Author Matthew Yglesias
Technology is changing the commuting experience across the board, and politicians looking to present a forward-thinking image are trying to embrace it. New York Gov. Andrew Cuomo and the New York City Transit Authority, for example, are eagerly touting a soon-to-arrive new bus fleet that will feature “enhanced amenities like USB charging ports and Wi-Fi.”
But a recent nationally representative survey of transit riders from TransitCenter, a New York–based foundation focused on improving urban mobility, indicates that high-tech gimmicks are a very low priority for the people who actually use mass transit.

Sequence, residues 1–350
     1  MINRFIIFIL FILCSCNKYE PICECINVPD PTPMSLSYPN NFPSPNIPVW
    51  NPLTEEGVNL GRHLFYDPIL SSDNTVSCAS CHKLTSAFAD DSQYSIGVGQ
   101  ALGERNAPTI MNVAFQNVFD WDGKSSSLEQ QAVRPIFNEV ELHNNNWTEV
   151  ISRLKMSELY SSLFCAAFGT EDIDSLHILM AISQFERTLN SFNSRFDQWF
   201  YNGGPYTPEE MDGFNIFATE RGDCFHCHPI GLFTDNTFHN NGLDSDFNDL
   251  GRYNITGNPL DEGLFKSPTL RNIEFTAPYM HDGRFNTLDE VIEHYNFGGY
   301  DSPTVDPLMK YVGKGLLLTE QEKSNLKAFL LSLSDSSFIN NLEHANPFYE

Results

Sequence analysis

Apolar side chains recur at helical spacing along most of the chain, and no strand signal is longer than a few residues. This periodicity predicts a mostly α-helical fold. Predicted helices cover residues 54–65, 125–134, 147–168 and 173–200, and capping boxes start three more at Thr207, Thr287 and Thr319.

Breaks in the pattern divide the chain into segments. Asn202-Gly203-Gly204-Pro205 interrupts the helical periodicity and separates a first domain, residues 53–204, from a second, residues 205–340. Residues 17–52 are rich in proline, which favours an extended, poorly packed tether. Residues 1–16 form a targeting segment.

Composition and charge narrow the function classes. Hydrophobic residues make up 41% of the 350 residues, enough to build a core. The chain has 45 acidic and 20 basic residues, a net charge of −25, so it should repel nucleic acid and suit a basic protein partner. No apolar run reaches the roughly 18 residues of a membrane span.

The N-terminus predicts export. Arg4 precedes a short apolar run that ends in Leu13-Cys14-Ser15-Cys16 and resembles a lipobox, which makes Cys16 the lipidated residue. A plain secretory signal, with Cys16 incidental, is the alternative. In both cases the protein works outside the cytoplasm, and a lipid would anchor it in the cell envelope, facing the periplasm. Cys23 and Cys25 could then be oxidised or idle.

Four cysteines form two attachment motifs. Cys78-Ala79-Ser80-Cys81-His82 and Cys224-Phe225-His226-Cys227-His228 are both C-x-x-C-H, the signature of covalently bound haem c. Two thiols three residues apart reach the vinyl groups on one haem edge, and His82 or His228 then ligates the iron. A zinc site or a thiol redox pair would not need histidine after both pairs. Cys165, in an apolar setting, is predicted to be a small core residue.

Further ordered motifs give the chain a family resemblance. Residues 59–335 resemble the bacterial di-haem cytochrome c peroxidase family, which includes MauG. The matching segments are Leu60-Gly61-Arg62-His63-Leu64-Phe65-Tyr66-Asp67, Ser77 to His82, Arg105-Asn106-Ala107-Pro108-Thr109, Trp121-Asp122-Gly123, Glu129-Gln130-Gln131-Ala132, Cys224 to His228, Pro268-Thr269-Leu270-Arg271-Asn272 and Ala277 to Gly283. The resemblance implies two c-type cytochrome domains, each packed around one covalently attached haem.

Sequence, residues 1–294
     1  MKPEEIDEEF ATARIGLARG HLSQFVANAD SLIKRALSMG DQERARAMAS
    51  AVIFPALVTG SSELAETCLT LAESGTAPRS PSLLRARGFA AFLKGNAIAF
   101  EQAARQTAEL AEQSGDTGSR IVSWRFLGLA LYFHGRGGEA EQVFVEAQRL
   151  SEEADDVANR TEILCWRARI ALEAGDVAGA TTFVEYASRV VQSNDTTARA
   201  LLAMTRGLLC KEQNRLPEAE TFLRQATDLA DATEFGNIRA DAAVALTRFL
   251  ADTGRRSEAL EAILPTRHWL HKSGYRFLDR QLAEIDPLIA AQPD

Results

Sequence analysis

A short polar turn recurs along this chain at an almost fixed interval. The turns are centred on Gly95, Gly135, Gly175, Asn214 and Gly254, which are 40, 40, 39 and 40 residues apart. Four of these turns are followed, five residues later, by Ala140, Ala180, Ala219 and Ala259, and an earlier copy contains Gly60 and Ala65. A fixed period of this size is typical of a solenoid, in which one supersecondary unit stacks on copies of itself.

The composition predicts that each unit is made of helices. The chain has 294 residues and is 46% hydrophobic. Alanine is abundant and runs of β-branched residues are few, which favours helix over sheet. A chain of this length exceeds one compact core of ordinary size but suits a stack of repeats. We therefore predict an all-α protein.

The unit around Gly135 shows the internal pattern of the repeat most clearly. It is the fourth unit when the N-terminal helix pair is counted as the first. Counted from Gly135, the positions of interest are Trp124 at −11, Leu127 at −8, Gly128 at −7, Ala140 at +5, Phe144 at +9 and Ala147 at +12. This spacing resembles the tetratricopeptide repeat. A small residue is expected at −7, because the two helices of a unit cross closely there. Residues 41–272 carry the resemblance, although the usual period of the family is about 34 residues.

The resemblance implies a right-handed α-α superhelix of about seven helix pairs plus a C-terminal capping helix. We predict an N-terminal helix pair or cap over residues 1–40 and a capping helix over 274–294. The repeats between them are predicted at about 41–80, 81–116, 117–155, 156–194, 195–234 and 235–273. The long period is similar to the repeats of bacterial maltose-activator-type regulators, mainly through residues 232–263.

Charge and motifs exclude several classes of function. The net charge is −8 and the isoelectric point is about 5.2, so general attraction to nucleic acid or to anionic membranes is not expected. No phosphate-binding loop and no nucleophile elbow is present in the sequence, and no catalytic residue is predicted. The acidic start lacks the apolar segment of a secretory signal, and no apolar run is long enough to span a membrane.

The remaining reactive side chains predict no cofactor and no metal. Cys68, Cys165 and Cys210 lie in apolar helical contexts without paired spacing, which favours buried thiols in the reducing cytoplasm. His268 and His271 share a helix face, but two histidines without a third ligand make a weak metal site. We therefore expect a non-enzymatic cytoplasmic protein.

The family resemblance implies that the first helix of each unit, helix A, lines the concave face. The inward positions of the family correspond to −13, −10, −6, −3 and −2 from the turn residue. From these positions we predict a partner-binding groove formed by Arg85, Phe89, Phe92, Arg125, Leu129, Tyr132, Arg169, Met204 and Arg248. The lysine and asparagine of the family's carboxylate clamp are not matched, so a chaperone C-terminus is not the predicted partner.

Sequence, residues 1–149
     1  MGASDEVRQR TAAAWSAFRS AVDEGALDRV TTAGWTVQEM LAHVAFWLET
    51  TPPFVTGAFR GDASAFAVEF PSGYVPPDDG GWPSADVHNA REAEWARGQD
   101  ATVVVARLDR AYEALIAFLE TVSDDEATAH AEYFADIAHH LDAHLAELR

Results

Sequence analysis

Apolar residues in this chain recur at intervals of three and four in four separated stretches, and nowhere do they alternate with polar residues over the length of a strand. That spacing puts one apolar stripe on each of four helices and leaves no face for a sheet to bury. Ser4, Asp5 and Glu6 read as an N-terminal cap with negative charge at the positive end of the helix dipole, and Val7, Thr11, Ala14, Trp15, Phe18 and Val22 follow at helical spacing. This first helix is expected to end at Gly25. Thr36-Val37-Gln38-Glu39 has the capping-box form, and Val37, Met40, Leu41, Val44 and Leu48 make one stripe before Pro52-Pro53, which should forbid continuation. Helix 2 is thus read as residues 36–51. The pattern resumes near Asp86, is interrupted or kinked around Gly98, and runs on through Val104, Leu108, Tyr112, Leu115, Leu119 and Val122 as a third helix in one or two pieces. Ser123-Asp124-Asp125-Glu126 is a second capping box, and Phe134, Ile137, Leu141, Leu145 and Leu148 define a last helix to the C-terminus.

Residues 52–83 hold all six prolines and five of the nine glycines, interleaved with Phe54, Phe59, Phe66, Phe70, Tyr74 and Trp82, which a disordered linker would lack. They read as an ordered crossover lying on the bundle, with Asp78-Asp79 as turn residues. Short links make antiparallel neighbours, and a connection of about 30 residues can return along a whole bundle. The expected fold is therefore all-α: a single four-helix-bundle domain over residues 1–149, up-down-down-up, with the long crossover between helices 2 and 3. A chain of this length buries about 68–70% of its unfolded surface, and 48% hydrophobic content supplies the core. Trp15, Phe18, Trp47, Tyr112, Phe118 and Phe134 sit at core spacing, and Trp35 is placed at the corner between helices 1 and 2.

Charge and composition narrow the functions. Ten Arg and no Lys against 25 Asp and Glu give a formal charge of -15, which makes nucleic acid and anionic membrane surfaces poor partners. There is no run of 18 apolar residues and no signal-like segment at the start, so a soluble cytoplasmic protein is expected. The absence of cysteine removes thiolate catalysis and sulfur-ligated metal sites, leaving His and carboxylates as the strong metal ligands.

The future of successful, high-ridership systems may or may not involve USB ports but will definitely include reworked routes that provide reasonably fast and frequent service close to where many people live.
What riders want: fast, frequent service
The key data comes in a chart, which compares how people who recommend their local transit service feel about various transit attributes versus how transit detractors feel about them.
On some measures — like fare payment options — both promoters and detractors feel pretty good, indicating both that agencies are probably doing something right and that merely getting it right isn’t good enough to convert detractors into promoters.